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Trip Report Our Adventures in Montezuma and Ylang Ylang Beach Resort

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Recently returned from another wonderful trip to Costa Rica with our “Fodorites” friends. A little background: In 2007, I “met” mixter603 and lhgreenacres online before our trip to Bosque del Cabo. We hit it off so well while at Bosque, we all reunited there in 2009. We planned to meet up again in Honduras in 2011. Unfortunately, my husband and I had to cancel due to a family illness, so we missed that reunion. Last fall, my hubby and I decided we really needed a getaway without kids, so booked a short trip to Costa Rica. I had been itching to go to Ylang Ylang Beach Resort since I first read about it, so that’s where we decided to go. We threw out the invitation to mixter603 and lhgreenacres, and it worked for mixter. Sadly, lhgreenacres, being the globetrotter that she is, had another trip scheduled for close to the same time.

Day 1

After leaving our house at 3:00am for our early flight out of Minneapolis, we arrived at SJO on time at 2:00pm. As we were weaving our way through the immigration line, I heard my name, turned around, and there was mixter603 and her hubby in the other line – talk about perfect timing! Our driver from Casa Bella Rita was there to greet us. He was so friendly; it was like having a family member driving us. Casa Bella Rita doesn’t look like anything special on the outside, but it is beautiful on the inside. I highly recommend this place, especially for first time visitors or solo travelers. Steve and Rita are perfect hosts. Rita knew our group wanted to chat and catch up, so she gave us space to do so, but she was also right there with anything we needed. She has done a great job of decorating the house – it’s colorful but peaceful. Steve cooked us and two other guests a fantastic meal that evening. We called it a night early, and crashed into the heavenly beds. Ahhh, it was great to be back in Costa Rica.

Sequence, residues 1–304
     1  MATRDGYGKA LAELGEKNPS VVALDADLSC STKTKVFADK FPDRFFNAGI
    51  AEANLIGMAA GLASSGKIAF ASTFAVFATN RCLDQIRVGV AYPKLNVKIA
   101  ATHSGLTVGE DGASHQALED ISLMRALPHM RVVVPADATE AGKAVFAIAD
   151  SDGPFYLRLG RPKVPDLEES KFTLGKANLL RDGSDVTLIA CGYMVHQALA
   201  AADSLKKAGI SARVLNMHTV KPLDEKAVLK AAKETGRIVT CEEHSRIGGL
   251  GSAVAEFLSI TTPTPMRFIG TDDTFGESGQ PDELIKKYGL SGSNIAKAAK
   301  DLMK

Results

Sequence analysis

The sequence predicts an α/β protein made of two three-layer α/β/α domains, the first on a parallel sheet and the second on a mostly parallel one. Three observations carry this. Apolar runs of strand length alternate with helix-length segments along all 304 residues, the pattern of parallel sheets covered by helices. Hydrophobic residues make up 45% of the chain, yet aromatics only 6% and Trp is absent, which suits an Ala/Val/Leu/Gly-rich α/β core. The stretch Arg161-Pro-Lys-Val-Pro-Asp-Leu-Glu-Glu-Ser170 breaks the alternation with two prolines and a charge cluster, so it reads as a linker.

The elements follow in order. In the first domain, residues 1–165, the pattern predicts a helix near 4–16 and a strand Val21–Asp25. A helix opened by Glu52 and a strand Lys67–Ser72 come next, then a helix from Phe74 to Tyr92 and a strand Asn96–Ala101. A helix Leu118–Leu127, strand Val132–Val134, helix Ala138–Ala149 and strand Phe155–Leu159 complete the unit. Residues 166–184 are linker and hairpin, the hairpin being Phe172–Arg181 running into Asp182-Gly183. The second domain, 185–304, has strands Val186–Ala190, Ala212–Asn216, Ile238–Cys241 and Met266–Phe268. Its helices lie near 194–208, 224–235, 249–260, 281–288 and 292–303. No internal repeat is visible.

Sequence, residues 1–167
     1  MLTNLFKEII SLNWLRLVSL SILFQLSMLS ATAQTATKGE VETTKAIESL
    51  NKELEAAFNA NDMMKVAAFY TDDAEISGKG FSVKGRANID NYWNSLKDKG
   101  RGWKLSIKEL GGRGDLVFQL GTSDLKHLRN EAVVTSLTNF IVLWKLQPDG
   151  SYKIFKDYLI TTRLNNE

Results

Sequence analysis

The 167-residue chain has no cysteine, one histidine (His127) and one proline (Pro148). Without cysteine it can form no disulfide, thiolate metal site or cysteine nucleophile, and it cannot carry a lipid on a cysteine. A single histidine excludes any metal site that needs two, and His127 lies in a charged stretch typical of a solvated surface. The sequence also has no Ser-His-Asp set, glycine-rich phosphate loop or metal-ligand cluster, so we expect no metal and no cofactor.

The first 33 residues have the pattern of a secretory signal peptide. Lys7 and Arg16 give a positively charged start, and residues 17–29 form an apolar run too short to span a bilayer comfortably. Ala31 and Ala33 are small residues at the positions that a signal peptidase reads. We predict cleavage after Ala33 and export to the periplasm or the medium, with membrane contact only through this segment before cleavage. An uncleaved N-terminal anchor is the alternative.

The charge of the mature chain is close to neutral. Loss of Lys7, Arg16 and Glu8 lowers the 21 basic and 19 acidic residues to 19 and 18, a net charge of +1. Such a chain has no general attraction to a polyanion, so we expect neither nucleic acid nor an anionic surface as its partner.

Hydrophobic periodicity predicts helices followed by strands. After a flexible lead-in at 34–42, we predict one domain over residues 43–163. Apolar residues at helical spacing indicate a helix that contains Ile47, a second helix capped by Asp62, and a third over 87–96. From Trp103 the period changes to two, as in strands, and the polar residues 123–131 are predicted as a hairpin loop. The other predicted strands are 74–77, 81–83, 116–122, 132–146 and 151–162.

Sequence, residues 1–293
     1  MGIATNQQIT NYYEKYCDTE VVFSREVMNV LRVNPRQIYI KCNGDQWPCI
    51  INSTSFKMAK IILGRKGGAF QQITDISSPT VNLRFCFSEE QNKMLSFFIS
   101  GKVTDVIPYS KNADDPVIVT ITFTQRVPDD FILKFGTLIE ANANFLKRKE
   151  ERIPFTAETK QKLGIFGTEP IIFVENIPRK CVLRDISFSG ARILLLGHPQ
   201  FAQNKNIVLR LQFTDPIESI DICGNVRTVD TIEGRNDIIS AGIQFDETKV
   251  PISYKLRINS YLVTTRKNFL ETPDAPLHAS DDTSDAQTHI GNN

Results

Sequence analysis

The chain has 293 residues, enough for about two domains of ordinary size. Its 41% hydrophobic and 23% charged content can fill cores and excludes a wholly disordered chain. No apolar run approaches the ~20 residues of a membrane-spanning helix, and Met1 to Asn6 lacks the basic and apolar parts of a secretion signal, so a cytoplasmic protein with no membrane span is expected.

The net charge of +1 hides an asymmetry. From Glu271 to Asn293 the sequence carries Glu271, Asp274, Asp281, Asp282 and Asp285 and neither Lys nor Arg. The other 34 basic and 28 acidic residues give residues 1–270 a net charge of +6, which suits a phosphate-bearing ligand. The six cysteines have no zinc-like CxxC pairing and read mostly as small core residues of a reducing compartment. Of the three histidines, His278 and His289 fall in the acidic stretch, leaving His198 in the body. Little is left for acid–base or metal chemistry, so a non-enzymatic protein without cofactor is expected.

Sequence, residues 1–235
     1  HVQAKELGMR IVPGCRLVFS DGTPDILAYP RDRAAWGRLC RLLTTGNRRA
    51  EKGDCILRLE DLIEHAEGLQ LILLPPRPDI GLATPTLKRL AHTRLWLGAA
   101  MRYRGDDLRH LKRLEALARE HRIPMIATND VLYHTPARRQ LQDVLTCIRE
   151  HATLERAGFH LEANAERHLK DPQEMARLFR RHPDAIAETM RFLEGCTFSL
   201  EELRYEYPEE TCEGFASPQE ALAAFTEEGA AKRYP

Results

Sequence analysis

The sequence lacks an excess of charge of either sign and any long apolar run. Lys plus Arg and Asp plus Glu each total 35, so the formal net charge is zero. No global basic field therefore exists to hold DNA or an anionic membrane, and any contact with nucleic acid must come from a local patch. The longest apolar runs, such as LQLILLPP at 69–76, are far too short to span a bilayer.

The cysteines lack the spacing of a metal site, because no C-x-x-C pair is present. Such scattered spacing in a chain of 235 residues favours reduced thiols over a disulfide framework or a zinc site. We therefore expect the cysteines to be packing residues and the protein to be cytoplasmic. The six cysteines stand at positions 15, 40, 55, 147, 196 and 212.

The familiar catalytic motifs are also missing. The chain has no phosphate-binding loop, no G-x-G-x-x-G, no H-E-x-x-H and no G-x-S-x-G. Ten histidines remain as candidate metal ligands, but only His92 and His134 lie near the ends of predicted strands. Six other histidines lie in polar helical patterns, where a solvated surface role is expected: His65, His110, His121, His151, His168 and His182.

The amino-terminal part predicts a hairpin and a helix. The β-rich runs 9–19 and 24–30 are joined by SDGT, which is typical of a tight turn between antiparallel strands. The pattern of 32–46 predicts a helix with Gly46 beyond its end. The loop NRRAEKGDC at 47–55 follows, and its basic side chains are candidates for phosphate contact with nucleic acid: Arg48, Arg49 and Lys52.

Day 2

Another early morning, since we were taking a 7:40am flight to Tambor. Rita gave us a breakfast to go, and our Nature Air flight left on time. After landing at what was the coolest air strip I’ve ever seen (right off the beach), we were greeted by our driver from Ylang Ylang. The road to Montezuma was winding and twisty. Even though there was evidence of the dry season along the roadside (all vegetation covered in thick dust), the rolling hills were green, and most of the trees lush. We caught a glimpse of the ocean from high above, and then wound our way down a very steep hill to the cute, colorful town of Montezuma. We timed it just right, because we were able to get an immediate ride in Ylang Ylang’s Land Rover down the beach to the resort.